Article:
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When rumors that Dolby would this year announce a home version of its Atmos object-based surround-sound technology, many audio enthusiasts reacted with sighs and rolled eyes. “We don’t need more channels!” one leading audio researcher complained to me. “Nobody’s going to put speakers on the ceiling,” a speaker manufacturer predicted, after seeing the shelves I’d added to accommodate height speakers in my home theater.
I agreed with them. I thought, as many audio pros and enthusiasts seem to, that Atmos is just more channels -- kind of like Audyssey DSX or Dolby’s own Pro Logic IIz. But as I learned at two recent demonstrations of Atmos -- one at Pioneer’s US headquarters, in Long Beach, California; the other at Dolby Laboratories’ office in Burbank, California -- Atmos is a lot more than more channels.
If you’re not hip to Atmos, it’s a surround-sound technology that adds so-called “objects” to a 5.1- or 7.1-channel soundtrack. The objects are sounds that can effectively be placed anywhere around or above you. Rather than assigning an object to a particular channel, an Atmos soundtrack encodes the sound, plus that sound’s timing and directional vectors. If you’ve been to an Atmos-equipped commercial cinema and seen any of the roughly 150 movies mixed in Atmos, you should have some idea of the extra realism it can bring to film sound.
The problem, of course, is exactly what the speaker manufacturer said to me: Nobody’s going to put speakers on the ceiling. (Well, almost nobody.) To address this problem, Dolby has done something with Atmos that it never really did with past technologies: They developed a new speaker design and specification that would make it possible to hear the benefits of Atmos without having to reconfigure your living room.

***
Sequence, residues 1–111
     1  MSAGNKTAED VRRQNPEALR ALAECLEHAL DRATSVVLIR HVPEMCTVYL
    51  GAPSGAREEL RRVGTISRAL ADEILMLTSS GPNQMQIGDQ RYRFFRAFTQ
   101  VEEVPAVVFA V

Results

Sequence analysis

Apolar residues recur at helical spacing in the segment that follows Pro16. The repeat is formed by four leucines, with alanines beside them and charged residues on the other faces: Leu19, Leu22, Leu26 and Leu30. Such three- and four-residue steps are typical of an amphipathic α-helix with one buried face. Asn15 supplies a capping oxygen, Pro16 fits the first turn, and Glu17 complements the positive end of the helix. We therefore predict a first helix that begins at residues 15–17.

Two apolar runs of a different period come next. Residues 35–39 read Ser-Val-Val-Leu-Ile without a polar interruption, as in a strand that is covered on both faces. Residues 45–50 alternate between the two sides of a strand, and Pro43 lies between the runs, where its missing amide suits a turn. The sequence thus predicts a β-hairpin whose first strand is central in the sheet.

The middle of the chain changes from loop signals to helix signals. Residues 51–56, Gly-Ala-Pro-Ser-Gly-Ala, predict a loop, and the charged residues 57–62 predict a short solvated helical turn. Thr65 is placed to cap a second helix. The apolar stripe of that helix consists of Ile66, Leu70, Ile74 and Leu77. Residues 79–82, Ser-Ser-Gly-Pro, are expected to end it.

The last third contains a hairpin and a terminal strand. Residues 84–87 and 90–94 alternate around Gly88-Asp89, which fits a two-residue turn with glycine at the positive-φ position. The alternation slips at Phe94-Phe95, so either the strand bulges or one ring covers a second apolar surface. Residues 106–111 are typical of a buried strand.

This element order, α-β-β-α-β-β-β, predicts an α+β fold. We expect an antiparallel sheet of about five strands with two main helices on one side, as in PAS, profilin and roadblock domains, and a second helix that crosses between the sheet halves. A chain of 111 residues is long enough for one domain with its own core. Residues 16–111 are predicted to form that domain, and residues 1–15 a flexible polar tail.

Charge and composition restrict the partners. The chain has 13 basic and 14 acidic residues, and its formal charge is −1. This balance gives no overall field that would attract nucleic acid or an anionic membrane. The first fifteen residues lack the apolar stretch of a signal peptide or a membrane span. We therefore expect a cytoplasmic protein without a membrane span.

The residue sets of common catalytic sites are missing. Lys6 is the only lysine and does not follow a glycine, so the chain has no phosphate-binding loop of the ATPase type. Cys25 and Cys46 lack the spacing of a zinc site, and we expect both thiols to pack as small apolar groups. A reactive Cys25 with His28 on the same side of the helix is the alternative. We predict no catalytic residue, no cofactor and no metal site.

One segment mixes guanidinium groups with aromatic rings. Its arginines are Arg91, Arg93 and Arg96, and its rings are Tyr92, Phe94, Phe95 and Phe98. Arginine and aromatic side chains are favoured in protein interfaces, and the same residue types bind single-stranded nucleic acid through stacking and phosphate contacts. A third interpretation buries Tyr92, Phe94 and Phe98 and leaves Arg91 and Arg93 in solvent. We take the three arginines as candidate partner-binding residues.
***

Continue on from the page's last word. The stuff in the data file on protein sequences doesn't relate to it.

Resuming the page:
(Full disclosure: I worked as a marketing director at Dolby from 2000 to 2002, which, I can assure you, did nothing to enhance my receptiveness to the company’s marketing pitches.)
You can set up an Atmos system in one of two basic ways: with conventional in-ceiling speakers, or with “Atmos-enabled” speakers that have a top-mounted, angled driver. The idea is that the sound from the top-mounted driver will bounce off the ceiling to create the impression of a ceiling speaker.
This idea dates back a long time, to 1990s designs that integrated angled “surround” speakers into conventional tower speakers. In those implementations, it flat-out didn’t work. Because of the broad dispersion of most speakers, even when they’re pointed away from you, you hear a lot of sound directly from the speaker. Because the sound bouncing off the ceiling arrives later than the direct sound, the direct sound predominates in your awareness, and the reflected sound is perceived as little more than ambience.
Definitive Technology now offers the A60 Elevation Module, a Dolby Atmos-compatible height speaker that sits atop their BP8060ST loudspeaker